WILDERMUTH: Well, there's -- the problem that they have is there's people that will run against him. There's Republicans that would very much like to move into the seat. However, unless they are very sure that Gary Condit has been fatally wounded by this, they don't want to step in. But if it continues like this, if it continues with people chasing him around and him refusing to actually make a statement and come up front, here's what happened, there's going to be more and more Republicans looking at it and more and more Democrats maybe suggesting that he does step aside.

WOODRUFF: Well, John Wildermuth, you've already mentioned some names of people who might be interested in running. Who are they?

WILDERMUTH: Well, there's -- the names kind of escape me right now, but the state senator in the area who has term limits. He's term limited out. He can't run again. He's been looking at that seat for whenever Condit left.

WOODRUFF: Is that Dick Monteith? I'm looking at the article he just wrote.

WILDERMUTH: Yes, that would be Monteith, yes. It would be on the Democratic side, Dennis Cardoza is an assemblyman. He's a close friend of Gary Condit and worked with him actually when Condit was in the assembly. He's also termed out. All these people are saying that they have every intention of running for another office if Gary Condit runs for reelection, but that's today. If Gary Condit looks like he's wounded, looks like he's fatally wounded, it's a seat that the Republicans would dearly like to have and a seat that the Democrats have to hang onto.

WOODRUFF: All right, John Wildermuth, who is a political writer for "The San Francisco Chronicle," thank you very much.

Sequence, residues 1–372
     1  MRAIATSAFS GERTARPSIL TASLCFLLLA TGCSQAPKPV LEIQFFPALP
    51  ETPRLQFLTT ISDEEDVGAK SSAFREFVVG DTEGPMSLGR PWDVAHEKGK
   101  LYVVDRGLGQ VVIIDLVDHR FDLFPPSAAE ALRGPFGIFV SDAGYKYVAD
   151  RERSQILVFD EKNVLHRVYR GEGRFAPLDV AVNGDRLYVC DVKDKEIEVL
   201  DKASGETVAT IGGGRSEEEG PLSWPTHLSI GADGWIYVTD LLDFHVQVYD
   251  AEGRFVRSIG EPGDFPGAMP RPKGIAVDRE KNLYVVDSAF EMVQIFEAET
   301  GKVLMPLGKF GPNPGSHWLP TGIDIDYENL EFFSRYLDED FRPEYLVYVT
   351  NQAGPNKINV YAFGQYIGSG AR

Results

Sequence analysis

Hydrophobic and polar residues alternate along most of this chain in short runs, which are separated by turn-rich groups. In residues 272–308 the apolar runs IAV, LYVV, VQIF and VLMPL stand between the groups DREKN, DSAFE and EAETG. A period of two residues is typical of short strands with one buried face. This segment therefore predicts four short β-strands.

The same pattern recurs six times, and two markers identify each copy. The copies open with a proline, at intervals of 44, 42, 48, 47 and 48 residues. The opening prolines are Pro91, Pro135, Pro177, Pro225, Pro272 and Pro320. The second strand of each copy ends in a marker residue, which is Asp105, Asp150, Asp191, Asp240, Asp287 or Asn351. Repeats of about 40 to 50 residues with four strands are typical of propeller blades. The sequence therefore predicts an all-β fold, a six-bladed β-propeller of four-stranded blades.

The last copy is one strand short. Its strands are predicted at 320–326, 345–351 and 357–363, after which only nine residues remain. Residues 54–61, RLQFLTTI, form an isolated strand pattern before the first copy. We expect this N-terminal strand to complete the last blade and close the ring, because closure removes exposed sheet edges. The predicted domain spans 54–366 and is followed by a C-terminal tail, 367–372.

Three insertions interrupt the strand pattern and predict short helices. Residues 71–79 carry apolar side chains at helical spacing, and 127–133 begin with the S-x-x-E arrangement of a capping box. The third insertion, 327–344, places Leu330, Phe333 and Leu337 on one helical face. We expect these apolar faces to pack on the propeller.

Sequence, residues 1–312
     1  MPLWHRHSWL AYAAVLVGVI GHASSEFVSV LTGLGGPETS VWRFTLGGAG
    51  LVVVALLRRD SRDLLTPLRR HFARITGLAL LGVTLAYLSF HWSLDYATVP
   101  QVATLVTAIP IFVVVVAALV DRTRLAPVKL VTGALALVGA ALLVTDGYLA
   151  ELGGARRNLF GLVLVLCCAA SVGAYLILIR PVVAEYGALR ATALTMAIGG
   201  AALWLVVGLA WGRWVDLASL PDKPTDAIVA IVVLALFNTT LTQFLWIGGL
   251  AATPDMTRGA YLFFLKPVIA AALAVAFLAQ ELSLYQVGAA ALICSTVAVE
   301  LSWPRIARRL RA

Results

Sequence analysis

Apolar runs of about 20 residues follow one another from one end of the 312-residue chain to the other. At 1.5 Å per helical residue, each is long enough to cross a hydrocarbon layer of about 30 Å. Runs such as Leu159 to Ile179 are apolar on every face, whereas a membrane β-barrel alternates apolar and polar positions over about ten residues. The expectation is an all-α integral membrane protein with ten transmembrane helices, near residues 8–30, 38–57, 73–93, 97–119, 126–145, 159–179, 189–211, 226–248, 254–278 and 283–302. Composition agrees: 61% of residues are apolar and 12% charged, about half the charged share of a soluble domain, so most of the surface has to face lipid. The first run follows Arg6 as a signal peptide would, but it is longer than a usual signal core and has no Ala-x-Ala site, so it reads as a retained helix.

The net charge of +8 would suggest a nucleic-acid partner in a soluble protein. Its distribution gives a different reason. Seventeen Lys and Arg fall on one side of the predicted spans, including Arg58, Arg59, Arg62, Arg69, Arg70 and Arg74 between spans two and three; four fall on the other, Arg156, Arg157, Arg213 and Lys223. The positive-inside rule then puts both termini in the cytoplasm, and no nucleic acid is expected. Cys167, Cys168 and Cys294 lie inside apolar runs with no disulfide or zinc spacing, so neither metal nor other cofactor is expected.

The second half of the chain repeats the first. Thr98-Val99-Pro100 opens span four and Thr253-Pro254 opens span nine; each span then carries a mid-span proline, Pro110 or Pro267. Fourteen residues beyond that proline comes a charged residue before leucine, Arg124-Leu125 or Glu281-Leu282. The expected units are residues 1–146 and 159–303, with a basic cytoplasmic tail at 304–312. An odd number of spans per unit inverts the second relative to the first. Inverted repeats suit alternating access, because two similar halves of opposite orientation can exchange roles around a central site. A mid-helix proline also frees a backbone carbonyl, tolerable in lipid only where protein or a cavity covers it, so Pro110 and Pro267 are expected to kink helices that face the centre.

WILDERMUTH: Thank you.

WOODRUFF: The Chandra Levy investigation will be the focus of tonight's "Larry King Live." Larry will talk with the Levy family attorney Billy Martin. That's "Larry King Live" at 9:00 p.m., Eastern.

And now we turn to a different sort of political struggle. As the House prepares to debate campaign finance reform legislation this week, Senator John McCain and his allies on that issue held rallies in New York and Boston today. CNN's Eileen O'Connor has more on the public relations campaign for reform and the confrontations ahead.


EILEEN O'CONNOR, CNN NATIONAL CORRESPONDENT (voice-over): Republican senator John McCain is pulling out all the stops, invoking the ghosts of reformers past to rally support for a House version of his campaign finance reform bill.

SEN. JOHN MCCAIN (R), ARIZONA: I believe that Teddy Roosevelt is very disappointed today, is very disappointed in a system where soft money and unlimited contributions come from every source, unaccounted and unregulated which has corrupted American politics.

O'CONNOR: At the same time, House Republican leaders are trying to pass their own version with fewer restrictions by forming some unlikely alliances, with black and Hispanic Democrats in Congress and even labor unions. At issue: soft money, unrestricted contributions from individuals, companies, unions or advocacy groups meant for party building but often used in issue ads that benefit specific candidates.

The House bill that McCain supports, sponsored by Republican Chris Shays and Democrat Martin Meehan, would ban national political parties from accepting or spending soft money contributions. The alternative, sponsored by Republican Bob Ney and Democrat Albert Wynn, would limit soft money contributions to $75,000 per year, restricting its use to get out the vote efforts and voter registration, critical in races with big minority populations.

REP. BOB NEY (R), OHIO: What's happened is the coalitions have fallen apart. There's concern now by minorities on being able to register people to vote. There's a great concern by Democrats and Republicans that this is a gag rule on citizens. Advocacy groups are going to be restrained.